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Since I was 12 years-old, I’ve had the same favorite restaurant.

I wish I could tell you it’s a Mario Batali restaurant like Lupa or Babbo.

But it’s just this Japanese hibachi place in Connecticut called Sakura. In fact, I’m pretty hibachi obsessed. Something about the sauces and the sodium and way grown adults fling themselves all over the table trying to catch a piece of flying shrimp. There really is no superior dining experience.

Where else can you get a 3 course meal (soup, salad and tasty entree) and get in and out of there in an hour? And I like the communal dining. Sort of like a beer hall except everyone sips Kirin Lights and green tea. It’s fun to watch other people’s dining habits without actually having to speak to them.

And at least my favorite restaurant isn’t the Olive Garden (Oh you know who you are).

So Rick and I decided to take all four kids to hibachi over the weekend.

The girls got kind of whiny in the car so Rick came up with this really innovative, creative car game.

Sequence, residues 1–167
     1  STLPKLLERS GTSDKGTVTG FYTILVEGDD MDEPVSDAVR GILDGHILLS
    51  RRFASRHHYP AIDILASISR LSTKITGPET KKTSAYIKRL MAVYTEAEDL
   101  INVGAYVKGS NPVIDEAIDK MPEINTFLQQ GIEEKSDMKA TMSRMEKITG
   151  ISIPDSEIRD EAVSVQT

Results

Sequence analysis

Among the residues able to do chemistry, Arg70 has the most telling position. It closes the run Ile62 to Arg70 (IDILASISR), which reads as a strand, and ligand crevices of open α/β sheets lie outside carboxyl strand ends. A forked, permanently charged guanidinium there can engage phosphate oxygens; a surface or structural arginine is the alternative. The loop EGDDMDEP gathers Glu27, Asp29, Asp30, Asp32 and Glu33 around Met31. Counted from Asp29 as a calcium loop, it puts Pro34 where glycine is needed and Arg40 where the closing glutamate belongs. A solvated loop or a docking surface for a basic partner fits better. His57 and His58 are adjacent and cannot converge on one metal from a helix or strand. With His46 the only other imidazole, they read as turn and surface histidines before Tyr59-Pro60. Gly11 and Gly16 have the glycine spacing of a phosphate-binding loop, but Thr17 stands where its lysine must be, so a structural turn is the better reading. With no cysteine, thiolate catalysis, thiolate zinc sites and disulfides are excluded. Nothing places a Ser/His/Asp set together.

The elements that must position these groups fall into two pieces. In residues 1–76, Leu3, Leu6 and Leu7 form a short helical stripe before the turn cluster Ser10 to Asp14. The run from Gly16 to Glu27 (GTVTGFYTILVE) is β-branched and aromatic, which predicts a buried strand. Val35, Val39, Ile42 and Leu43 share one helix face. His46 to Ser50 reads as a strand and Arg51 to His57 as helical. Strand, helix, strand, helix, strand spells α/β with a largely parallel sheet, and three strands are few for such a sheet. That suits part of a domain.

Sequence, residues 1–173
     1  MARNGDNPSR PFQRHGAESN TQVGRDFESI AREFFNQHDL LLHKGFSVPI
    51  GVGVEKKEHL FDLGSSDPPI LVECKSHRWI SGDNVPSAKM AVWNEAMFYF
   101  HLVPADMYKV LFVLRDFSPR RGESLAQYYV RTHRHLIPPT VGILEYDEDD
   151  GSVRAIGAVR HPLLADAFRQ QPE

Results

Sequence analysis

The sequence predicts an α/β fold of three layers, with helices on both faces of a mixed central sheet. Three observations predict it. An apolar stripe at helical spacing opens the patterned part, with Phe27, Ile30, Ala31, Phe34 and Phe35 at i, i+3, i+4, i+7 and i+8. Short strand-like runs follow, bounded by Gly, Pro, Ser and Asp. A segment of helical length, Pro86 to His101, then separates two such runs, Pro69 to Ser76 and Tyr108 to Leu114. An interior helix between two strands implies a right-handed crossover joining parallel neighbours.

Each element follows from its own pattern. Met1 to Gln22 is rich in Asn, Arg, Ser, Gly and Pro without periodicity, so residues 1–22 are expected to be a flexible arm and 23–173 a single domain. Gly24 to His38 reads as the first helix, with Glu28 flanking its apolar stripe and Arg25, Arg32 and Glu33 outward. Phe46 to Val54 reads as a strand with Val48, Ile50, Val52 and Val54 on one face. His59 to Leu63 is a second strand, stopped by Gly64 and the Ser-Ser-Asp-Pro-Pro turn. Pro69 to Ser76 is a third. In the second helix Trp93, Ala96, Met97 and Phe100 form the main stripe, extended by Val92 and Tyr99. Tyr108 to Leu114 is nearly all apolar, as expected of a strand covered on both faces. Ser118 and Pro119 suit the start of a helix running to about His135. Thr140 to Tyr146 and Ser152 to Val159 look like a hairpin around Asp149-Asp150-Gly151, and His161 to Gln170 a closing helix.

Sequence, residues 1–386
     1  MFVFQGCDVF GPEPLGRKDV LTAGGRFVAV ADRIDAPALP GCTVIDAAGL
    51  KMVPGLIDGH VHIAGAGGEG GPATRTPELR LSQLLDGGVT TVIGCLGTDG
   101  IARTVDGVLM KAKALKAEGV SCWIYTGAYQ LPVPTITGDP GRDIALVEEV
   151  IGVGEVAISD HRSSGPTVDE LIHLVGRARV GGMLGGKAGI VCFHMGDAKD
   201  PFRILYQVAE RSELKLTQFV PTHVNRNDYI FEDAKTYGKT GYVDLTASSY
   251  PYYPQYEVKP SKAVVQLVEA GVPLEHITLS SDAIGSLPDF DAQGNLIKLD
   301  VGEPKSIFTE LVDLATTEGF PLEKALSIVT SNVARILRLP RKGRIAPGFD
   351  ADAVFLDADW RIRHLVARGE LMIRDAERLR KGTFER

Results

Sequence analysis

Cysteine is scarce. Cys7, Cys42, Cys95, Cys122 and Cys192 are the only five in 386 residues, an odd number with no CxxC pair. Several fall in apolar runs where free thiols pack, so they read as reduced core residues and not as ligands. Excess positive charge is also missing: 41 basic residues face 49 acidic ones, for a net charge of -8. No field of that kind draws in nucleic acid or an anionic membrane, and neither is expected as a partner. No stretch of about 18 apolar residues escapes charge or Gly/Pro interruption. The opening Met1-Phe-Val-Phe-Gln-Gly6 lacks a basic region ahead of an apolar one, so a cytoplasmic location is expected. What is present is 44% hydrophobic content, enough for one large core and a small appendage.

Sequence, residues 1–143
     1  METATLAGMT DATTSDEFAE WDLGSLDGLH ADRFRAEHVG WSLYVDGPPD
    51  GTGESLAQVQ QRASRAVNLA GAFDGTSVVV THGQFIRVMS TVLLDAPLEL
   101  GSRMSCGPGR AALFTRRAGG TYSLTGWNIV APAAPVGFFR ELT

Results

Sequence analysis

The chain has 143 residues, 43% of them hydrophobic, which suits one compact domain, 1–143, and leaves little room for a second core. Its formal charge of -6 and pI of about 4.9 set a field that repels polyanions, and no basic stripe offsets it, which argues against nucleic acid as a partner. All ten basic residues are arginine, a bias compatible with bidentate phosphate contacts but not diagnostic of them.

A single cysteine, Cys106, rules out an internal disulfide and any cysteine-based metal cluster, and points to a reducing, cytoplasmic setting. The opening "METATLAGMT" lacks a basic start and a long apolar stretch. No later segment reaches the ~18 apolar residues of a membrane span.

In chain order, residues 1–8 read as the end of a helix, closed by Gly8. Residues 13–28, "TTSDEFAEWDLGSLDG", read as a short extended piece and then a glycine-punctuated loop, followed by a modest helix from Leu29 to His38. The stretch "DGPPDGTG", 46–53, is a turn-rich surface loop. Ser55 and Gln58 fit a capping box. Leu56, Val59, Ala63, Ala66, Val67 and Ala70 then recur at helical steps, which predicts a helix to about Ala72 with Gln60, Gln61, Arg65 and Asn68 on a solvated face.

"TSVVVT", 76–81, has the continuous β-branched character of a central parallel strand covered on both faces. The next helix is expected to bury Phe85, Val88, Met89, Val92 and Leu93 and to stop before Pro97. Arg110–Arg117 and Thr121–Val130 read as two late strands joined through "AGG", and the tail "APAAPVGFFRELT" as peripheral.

Dylan refused, saying there was way too many to count. And Summer was too busy whining to actually hear Rick.

We finally got to the restaurant and sat down. Another couple soon joined us and I can only imagine their delight at sharing a table with two babies, a 3 year-old and a 5 year-old.

Although the chef’s antics are really geared toward Dylan and Summer’s ages, Harlowe was riveted by the performance.

I wanted her to catch a shrimp in her mouth because we’d be able to tell everyone that the first food she every tried was a flying hibachi shrimp. But apparently you’re supposed to start babies on cereal or something.

On the way home, I said to Rick…

“I’m feeling a bit gassy.”

“Yes, I’m feeling somewhat gassy myself. I was hoping you wouldn’t notice. But it’s a good gassy.”

“Oh definitely a good gassy.”

The kind of gassy that can only come from a satisfying hibachi dinner.

21 Responses to some restaurants come and go but hibachi is forever

kelcey kintner